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Ethnic communities protest dams risking lives, cultures and environments

Ethnic communities across Burma are raising their voices to strongly oppose plans by the Burma government and the global hydropower industry to build large dams that threaten to destroy their lives and livelihoods.

Rallies marking the International Day of Action for Rivers on 14 March were staged across Kachin, Shan, Karen, Karenni and Mon states, where communities took a stance to defend their traditional lands and the right to decide on how their own resources will be used — or left untouched.

One of the rallies took place in U Wee Klo, a section of the Ei Thu Hta IDP (internally displaced person) camp in Karen State, adjacent to Thailand’s Mae Hong Son province. The camp is located on the banks of the Salween River, one of the longest free-flowing rivers in the world.

Several dams are being planned along the Salween River. If built, these dams will have devastating and irreversible impacts on fragile ecosystems and ethnic communities whose lives depend on the river.

Saw Hser Htoo Plaw, the village leader of U Wee Klo, said of the event: “We are showing our Karen leaders and people around the world that we don’t want dams on the Salween River. Today I am so very happy that our community is working together and we’re showing everyone that we don’t want these dams.”

Some 200 people attended the event organised by Karen Rivers Watch, a coalition of Karen civil society organisations including the Karen Office of Relief and Development, Karen Youth Organization, Karen Student Network Group (KSNG), Karen Environmental and Social Action Network, Karen Women’s Organisation (KWO) and Federal Trade Union of Kawthoolei.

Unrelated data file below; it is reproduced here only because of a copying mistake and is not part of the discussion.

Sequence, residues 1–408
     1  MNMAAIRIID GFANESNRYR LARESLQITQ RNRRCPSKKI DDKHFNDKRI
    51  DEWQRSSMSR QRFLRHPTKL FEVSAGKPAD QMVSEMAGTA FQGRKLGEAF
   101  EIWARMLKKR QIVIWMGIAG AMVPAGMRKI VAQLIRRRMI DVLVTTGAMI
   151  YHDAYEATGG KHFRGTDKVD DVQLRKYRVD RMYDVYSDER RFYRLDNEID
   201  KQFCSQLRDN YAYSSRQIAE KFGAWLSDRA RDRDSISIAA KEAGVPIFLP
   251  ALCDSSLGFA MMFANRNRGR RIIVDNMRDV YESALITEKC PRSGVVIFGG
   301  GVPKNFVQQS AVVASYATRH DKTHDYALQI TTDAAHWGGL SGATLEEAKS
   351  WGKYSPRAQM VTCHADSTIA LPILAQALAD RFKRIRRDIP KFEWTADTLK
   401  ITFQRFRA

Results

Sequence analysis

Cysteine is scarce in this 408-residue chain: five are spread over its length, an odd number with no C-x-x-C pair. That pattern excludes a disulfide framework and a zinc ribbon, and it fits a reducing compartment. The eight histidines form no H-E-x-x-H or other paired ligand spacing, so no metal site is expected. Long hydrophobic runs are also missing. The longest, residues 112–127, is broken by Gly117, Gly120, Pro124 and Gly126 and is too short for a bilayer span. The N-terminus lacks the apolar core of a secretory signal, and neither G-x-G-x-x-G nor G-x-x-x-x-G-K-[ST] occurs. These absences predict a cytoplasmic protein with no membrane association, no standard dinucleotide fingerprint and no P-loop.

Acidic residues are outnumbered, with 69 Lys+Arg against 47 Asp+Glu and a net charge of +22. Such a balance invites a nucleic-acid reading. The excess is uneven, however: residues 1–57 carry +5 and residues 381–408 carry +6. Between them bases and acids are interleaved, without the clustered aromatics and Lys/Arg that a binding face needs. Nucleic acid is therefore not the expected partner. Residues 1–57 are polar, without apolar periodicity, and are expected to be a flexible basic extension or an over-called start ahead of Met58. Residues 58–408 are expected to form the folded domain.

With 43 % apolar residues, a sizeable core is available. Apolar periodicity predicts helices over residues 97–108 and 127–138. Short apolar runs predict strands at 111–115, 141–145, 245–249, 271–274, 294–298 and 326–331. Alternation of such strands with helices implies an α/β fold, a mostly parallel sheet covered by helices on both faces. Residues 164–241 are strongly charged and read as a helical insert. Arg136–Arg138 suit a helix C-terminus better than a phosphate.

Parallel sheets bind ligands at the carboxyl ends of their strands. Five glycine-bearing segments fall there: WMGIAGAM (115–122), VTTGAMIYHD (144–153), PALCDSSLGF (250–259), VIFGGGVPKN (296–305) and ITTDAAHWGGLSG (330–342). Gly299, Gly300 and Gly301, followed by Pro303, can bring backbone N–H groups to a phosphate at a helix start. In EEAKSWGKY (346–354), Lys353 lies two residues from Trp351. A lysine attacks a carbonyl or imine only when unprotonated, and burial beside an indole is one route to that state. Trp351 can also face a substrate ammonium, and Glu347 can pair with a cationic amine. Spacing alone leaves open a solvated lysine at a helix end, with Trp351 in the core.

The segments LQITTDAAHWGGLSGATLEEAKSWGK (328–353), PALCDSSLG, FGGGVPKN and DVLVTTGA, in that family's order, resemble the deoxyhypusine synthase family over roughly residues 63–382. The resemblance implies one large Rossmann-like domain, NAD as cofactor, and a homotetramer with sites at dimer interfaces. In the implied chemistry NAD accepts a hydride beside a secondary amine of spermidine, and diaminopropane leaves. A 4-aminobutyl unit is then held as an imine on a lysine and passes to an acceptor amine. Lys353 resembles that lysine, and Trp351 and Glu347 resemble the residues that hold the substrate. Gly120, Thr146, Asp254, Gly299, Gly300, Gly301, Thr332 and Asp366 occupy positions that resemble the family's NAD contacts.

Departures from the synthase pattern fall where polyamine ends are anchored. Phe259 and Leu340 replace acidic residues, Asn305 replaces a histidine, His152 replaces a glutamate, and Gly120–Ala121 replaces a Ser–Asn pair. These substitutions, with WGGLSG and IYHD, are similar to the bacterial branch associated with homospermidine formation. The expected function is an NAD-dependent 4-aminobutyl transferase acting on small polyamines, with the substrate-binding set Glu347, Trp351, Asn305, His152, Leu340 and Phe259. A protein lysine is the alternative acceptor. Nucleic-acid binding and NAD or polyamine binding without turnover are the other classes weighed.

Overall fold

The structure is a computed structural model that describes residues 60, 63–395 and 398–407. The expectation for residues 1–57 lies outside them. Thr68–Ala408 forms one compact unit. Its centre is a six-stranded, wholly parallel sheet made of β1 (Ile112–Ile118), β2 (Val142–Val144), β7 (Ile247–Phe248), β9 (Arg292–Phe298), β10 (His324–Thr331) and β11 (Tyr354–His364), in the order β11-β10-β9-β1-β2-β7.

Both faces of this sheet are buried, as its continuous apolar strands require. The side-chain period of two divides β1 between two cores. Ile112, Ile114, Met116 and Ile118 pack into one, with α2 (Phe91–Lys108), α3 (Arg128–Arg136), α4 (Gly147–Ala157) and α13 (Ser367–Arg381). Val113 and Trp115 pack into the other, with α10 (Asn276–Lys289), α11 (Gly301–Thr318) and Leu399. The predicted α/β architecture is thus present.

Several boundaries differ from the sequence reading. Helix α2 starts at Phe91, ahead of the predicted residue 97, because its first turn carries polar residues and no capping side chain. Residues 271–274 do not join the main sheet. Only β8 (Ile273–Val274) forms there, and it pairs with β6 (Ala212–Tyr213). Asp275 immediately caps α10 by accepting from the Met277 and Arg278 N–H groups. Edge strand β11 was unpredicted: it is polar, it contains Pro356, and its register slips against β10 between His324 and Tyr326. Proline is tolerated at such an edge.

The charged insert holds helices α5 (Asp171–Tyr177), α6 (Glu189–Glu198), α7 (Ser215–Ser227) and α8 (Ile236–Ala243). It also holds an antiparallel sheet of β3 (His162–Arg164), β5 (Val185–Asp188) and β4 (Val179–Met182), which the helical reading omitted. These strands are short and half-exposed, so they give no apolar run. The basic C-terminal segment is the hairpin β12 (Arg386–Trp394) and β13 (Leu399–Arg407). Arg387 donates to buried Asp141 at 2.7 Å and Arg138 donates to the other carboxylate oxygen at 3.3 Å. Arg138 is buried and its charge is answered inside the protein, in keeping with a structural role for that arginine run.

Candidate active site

“We are against the dams because we have seen that there is no benefit for our people, especially the people who live near the Salween River,” said Saw Htoo Htoo Stin, president of the KSNG. “If they build the dams, all of our villages and our beautiful mountains and forests will be destroyed, they will be underwater.”

The dams are being developed by companies from Thailand, China and Burma, with planning continuing ith little transparency or participation from local ethnic communities who are only set to lose if the plans go ahead.


“I would like to say to the companies who have the big money: You don’t need to come and build the dams, even if you have too much money, your money is not more important than our human lives. If you build the dam, it will not affect your people, only our local people,” said Naw They Nay, KWO chairwoman for Ei Thu Hta camp.

“If you were our people, how would you feel? For us, we have no benefit.”

On top of the above concerns, the proposed dams are located in ethnic conflict zones, where they function as spearheads of Burma Army expansion into contested areas, fuelling conflicts and causing further displacement in areas affected by war for more than half a century.

“If they build the dams, there will be more armed conflict and more IDPs,” said Saw Htoo Htoo Stin.

Ethnic communities are calling for a halt to all dams on the Salween River until there is a federal settlement to Burma’s conflict and until ethnic peoples have the right to decide on their own resources.

Leena Zieger is the founder and international coordinator of Burma Link, a non-profit organisation advocating for the rights of Burma’s ethnic nationalities and conflict-affected communities.


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